President Kais Saied said he would assume executive authority with the assistance of a new prime minister, in the biggest challenge yet to the democratic system Tunisia introduced in a 2011 revolution.
Crowds of people quickly flooded the capital and other cities, cheering and honking car horns in scenes that recalled the revolution, which triggered the Arab Spring protests that convulsed the Middle East.
However, the extent of support for Saied’s moves against a fragile government and divided Parliament was not clear and he warned against any violent response.
“I warn any who think of resorting to weapons… and whoever shoots a bullet, the armed forces will respond with bullets,” he said in a statement carried on television.
Hours after the statement, military vehicles surrounded the Parliament building as people nearby cheered and sang the national anthem, two witnesses said.
Protests, called by social media activists but not backed by any of the big political parties, took place on Sunday with much of the anger focused on the moderate Islamist Ennahda party, the biggest in Parliament.
Ennahda, banned before the revolution, has been the most consistently successful party since 2011 and a member of successive coalition governments.
Its leader Rached Ghannouchi, who is also Parliament speaker, immediately labeled Saied’s decision “a coup against the revolution and constitution” in a phone call to Reuters.
“We consider the institutions still standing, and the supporters of the Ennahda and the Tunisian people will defend the revolution,” he added, raising the prospect of confrontations between supporters of Ennahda and Saied.
The leader of another party, Karama, and former President Moncef Marzouki both joined Ennahda in calling Saied’s move a coup.
“I ask the Tunisian people to pay attention to the fact that they imagine this to be the beginning of the solution. It is the beginning of slipping into an even worse situation,” Marzouki said in a video statement.
Crowds numbering in the tens of thousands stayed on the streets of Tunis and other cities, with some people setting off fireworks, for hours after Saied’s announcement as helicopters circled overhead.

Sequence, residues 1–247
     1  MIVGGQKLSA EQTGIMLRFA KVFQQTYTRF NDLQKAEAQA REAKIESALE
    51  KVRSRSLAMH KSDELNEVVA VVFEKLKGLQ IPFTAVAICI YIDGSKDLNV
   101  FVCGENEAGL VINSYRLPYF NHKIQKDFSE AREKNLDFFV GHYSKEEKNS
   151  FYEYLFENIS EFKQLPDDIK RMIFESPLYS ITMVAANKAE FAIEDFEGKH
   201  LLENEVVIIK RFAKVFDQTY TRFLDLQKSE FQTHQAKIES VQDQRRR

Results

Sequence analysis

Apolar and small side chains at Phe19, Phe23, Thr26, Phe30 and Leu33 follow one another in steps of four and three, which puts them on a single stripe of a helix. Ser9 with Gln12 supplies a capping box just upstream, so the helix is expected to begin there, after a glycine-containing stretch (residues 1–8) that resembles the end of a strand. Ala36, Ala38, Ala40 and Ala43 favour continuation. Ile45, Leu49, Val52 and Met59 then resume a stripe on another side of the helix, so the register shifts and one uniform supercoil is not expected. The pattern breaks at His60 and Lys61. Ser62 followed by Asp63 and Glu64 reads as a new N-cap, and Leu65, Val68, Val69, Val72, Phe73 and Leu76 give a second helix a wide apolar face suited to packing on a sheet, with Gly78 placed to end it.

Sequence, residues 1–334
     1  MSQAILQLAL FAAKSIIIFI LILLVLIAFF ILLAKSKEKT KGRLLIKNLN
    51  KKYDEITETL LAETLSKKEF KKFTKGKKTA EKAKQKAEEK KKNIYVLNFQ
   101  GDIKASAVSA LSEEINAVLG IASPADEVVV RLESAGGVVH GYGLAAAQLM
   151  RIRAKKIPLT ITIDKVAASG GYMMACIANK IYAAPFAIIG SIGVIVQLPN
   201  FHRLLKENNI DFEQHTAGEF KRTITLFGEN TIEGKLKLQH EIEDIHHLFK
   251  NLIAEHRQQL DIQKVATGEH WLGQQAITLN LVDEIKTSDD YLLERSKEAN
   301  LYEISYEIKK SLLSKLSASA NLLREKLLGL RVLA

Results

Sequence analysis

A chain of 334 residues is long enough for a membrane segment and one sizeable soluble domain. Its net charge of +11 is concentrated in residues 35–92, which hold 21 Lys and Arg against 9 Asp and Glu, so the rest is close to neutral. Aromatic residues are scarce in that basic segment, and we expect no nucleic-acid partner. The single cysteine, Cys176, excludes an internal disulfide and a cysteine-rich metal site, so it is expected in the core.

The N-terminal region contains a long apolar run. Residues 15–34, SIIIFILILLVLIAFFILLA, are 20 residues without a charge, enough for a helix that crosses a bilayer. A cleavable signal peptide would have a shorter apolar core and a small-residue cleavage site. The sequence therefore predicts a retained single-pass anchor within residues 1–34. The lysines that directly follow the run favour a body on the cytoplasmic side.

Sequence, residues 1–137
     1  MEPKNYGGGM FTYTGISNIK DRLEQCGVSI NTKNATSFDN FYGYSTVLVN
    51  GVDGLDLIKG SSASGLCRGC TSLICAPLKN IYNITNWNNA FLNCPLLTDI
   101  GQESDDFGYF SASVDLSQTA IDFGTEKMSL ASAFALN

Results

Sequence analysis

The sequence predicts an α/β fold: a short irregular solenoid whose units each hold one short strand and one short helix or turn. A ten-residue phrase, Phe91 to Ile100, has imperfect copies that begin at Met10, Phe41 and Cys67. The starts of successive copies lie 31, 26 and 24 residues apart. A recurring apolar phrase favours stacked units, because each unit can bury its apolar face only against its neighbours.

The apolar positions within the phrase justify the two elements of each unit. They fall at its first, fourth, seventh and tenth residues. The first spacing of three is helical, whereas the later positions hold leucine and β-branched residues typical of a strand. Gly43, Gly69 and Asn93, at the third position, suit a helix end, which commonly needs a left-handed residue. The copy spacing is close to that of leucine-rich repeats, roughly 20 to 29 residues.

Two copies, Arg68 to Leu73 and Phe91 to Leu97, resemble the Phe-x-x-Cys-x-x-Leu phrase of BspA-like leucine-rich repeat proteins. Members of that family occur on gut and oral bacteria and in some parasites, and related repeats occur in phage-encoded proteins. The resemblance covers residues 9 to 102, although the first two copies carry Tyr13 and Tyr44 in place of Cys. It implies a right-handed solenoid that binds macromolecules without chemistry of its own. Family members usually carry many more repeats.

“We have been relieved of them,” said Lamia Meftahi, a woman celebrating in central Tunis after Saied’s statement, speaking of the Parliament and government.
“This is the happiest moment since the revolution,” she added.
Saied said in his statement that his actions were in line with Article 80 of the constitution, and also cited the article to suspend the immunity of members of Parliament.
“Many people were deceived by hypocrisy, treachery and robbery of the rights of the people,” he said.
The President and the Parliament were both elected in separate popular votes in 2019, while Prime Minister Hichem Mechichi took office last summer, replacing another short-lived government.
Saied, an independent without a party behind him, swore to overhaul a complex political system plagued by corruption. Meanwhile the parliamentary election delivered a fragmented chamber in which no party held more than a quarter of seats.
Disputes over Tunisia’s constitution were intended to be settled by a constitutional court. However, seven years after the constitution was approved, the court has yet to be installed after disputes over the appointment of judges.
The President has been enmeshed in political disputes with Mechichi for over a year, as the country grapples with an economic crisis, a looming fiscal crunch and a flailing response to the pandemic.
Under the constitution, the President has direct responsibility only for foreign affairs and the military, but after a government debacle with walk-in vaccination centers last week, he told the army to take charge of the pandemic response.
Tunisia’s soaring infection and death rates have added to public anger at the government as the country’s political parties bickered.
Meanwhile, Mechichi was attempting to negotiate a new loan with the International Monetary Fund (IMF) that was seen as crucial to averting a looming fiscal crisis as Tunisia struggles to finance its budget deficit and coming debt repayments.
Disputes over the economic reforms, seen as needed to secure the loan but which could hurt ordinary Tunisians by ending subsidies or cutting public sector jobs, had already brought the government close to collapse.
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